Originating in the Austrian province of Tyrol, the Hutterite people are an ethno-religious people group that is a communal branch of Anabaptists who, like the Amish and Mennonites, trace their roots to the Radical Reformation of the 16th century.
Since the death of their namesake Jakob Hutter in 1536, the beliefs of the Hutterites, especially living in a community of goods and absolute pacifism, have resulted in hundreds of years of diaspora in many countries. Nearly extinct by the 18th and 19th centuries, the Hutterites found a new home in North America.
Hutterite communes, called "colonies" (leut), are all rural; many depend largely on farming or ranching, depending on their locale for their income. The colony is virtually self-sufficient as far as contracting outside labor, constructing its own buildings, doing its own maintenance and repair on equipment, making its own clothes, etc. This has changed in recent years and colonies have started to depend a little more on outside sources for food, clothing, and other goods.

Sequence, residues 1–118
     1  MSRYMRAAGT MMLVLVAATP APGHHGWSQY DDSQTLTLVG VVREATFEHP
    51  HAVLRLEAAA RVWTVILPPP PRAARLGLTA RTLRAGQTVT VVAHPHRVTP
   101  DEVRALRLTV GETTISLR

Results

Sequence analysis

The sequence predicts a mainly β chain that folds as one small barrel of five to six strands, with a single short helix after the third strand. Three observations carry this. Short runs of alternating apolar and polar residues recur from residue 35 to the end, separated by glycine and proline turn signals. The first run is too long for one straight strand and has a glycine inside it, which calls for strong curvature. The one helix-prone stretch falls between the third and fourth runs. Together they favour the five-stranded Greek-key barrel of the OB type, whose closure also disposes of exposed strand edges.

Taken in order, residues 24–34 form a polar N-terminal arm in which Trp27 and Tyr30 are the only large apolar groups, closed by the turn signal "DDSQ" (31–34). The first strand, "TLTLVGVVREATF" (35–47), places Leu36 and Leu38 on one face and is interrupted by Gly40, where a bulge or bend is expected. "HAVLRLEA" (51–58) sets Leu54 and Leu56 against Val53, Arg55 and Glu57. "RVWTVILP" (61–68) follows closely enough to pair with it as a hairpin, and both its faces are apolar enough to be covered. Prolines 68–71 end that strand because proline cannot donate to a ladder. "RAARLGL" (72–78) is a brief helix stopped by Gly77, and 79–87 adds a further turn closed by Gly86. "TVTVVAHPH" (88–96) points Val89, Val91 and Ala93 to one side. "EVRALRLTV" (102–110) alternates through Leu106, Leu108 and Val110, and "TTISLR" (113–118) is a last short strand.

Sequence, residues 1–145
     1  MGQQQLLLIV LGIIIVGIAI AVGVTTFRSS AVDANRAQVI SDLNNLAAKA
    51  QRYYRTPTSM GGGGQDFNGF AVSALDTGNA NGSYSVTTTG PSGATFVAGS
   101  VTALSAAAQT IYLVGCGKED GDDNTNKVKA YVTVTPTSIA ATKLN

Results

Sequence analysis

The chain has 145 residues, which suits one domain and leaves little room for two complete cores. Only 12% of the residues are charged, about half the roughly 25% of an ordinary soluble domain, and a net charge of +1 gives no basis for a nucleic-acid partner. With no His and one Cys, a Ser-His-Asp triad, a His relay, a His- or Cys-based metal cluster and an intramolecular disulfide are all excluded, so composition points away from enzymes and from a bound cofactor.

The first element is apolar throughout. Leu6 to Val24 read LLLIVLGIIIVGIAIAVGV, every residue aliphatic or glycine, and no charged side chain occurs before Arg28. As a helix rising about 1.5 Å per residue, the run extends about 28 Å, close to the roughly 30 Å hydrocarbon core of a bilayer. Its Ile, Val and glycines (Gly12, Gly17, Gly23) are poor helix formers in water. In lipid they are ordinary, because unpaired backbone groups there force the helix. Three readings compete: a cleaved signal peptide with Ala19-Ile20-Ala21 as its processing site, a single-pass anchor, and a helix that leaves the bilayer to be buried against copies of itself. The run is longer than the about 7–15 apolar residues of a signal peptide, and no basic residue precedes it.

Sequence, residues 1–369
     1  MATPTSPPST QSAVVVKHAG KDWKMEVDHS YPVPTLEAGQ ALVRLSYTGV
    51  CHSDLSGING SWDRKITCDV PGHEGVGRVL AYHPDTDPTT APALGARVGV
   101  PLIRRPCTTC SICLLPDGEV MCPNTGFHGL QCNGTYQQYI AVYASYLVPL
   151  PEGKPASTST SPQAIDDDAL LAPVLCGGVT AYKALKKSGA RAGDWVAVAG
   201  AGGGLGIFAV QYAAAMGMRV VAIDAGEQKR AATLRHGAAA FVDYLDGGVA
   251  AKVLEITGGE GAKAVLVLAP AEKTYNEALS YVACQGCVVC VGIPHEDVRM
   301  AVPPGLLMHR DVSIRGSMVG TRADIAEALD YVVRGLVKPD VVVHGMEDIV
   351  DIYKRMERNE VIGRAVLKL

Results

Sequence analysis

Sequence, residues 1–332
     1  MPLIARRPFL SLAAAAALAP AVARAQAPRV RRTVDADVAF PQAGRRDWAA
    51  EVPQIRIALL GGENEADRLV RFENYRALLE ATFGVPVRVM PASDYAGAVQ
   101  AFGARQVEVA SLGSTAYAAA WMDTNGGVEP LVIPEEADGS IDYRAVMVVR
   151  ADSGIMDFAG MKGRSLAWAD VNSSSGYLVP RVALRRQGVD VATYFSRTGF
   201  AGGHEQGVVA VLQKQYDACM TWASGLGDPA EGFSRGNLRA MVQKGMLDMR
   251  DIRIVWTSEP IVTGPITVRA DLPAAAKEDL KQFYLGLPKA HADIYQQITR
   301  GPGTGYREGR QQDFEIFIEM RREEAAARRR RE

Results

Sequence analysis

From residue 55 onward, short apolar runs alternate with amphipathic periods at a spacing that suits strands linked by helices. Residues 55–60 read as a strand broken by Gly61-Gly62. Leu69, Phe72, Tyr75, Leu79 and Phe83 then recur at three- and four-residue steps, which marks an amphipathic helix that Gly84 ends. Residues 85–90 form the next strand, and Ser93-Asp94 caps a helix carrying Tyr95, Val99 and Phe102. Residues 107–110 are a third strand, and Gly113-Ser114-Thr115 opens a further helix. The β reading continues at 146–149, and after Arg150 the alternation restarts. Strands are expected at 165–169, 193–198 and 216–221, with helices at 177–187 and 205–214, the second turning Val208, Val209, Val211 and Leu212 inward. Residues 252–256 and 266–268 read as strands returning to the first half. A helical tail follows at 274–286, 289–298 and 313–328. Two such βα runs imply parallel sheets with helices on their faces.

Three subgroups of Hutterites exist in North America: (1) Schmiedeleut, (2) Darius, and (3) Lehrer. All Schmiedeleut colonies are situated in central North America mostly in the province of Manitoba and in South Dakota. There are a handful of colonies in North Dakota and Minnesota. The Darius and Lehrer -leut are situated in western North America, mostly in Saskatchewan, Alberta, and Montana with a sprinkling of colonies in BC, Washington and Oregon.
Pray God will watch over the Hutterites, instilling a heart that is fervent for a personal relationship with Jesus Christ.
Pray God will protect Hutterites from persecution and ridicule.
Learn more about "Learning Paths" Online Courses for embracing, encountering and engaging diaspora people. Work at your own pace. Begin anytime and complete the course according to your schedule. Interactive, Hands-On Application.
Learn more about "Reaching the Nations" This book delineates five disciplines Christians should develop in order to effectively reach the nations. More specifically, it will guide Christians to develop an engagement strategy in their locale.